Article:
What this says to me, on the surface and in particular, is that marketing as a formal practice is highly individualized per brand. What works in one organization may not work as well in another. But even more broadly, I suspect, is that the process(es) of marketing is always in a rather state of flux, at least in comparison to other traditional professions society has inherited, such as accounting, for example. No matter how many years go by, the technologies may improve, but at the end of the day, accounting is accounting is accounting! A debt is classified as an accounts payable, and incoming revenues are considered as accounts receivables. These basic accounting tenets have withstood the financial winds of time.
Yet in the marketing profession, the traditional four “P’s” (which stand for price, product, promotion, and place) fluctuate not only with the natural passage of time and evolving consumer and market trends, but also within organizations as well. As a result, marketing — both as a field and as a practice — is not as grounded and is subject to far more interpretation than not, which ultimately makes the “What is marketing?” question a bit more open-ended.
5) Dehumanization of customers
Last but hardly least, there’s marketing’s steadfast tendency and emphasis on corralling and labeling groups of customers as “target markets,” “audiences,” “end users,” “marketing segments,” and other stoic terms, which ignore the fact that all these groups are real human beings and living members of a broader society. The endless marketing need to classify and organize humans by convenient demographics or behavioral characteristics is not necessarily “bad,” but robotically describing human beings as “target markets” or as “market segments” often dehumanizes the reality that paying or potentially-paying customers are ALSO human beings, motivated by a litany of other non-quantifiable factors such marketing labels disregard or dismiss altogether.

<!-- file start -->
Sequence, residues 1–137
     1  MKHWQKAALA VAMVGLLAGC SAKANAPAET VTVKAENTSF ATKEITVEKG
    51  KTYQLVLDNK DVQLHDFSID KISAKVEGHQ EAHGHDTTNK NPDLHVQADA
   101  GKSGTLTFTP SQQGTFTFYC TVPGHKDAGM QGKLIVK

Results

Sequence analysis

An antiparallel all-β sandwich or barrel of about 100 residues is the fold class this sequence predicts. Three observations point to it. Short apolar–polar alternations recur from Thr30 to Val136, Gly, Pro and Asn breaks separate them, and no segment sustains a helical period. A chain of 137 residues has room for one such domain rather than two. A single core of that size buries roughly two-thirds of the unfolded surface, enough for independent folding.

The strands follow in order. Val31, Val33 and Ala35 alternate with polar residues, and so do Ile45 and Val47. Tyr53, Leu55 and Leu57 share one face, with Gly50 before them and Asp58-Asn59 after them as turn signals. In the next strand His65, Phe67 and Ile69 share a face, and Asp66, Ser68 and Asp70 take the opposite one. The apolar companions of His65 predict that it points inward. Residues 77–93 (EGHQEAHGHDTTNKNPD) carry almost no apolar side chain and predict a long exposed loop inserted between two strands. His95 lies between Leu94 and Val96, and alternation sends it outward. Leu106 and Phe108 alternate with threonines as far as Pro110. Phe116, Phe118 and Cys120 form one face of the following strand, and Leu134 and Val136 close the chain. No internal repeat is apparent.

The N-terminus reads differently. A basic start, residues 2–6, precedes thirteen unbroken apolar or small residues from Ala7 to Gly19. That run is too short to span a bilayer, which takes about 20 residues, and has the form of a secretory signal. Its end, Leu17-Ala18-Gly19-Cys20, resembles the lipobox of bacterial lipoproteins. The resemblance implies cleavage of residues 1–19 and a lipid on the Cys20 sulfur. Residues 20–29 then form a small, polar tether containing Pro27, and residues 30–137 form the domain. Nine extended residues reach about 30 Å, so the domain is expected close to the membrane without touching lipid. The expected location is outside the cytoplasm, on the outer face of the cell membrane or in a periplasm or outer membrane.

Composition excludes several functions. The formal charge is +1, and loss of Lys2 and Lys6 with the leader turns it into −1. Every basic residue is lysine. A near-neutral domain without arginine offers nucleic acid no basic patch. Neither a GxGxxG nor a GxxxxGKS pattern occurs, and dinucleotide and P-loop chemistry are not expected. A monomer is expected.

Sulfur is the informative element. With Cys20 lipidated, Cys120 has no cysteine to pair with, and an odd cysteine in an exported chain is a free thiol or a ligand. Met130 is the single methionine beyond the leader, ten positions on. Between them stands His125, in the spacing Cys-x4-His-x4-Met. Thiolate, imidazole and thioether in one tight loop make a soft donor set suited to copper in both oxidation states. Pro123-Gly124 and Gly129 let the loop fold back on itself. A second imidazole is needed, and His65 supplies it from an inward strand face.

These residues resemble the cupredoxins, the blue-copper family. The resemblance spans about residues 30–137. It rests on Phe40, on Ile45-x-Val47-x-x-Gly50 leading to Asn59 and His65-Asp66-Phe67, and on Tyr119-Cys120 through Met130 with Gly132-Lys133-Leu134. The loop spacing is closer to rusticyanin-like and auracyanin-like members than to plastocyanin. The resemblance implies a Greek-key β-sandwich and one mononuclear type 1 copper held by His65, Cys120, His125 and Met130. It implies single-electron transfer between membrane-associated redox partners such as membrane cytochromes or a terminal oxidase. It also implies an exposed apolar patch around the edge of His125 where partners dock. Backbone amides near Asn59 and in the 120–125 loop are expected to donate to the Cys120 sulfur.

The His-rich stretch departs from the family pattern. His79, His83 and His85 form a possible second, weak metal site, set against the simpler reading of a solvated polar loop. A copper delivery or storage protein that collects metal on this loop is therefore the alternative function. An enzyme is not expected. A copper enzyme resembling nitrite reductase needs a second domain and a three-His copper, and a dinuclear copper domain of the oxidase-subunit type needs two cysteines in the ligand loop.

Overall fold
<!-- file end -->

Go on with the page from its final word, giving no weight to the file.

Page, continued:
(As a side note, this is one of *the* very reasons I’ve been highly drawn to the media psychology field, where one of the key goals is to help HUMANIZE our intersections with mediated technologies, but more on this at another time).
My marketing career first began in 1995. That was 25 years from today and 9, 125 days ago from this moment, at the time of this writing. I think I’ve seen a LOT in my marketing days and this post comes from a place of yes, healthy scrutiny, but also sincere curiosity in seeing how the profession of marketing will continue to evolve given the challenges I’ve outlined.
It is my humble opinion, given what I’ve witnessed in my marketing lifetime thus far, that the AMA’s formal definition of what marketing is (as shared in the first paragraph of this post) may benefit from being revisited, both by the AMA and brands alike. I won’t purport to know what the AMA’s, or anyone’s for that matter, marketing definition should be; that’s not my place. But I do believe it may be a worthwhile effort to ponder the matter far more, and perhaps such spirited discussions may yield new marketing definition ideas and aspirations worth consideration.
A most welcome discourse, I think, especially in light of our dramatically changing marketing times.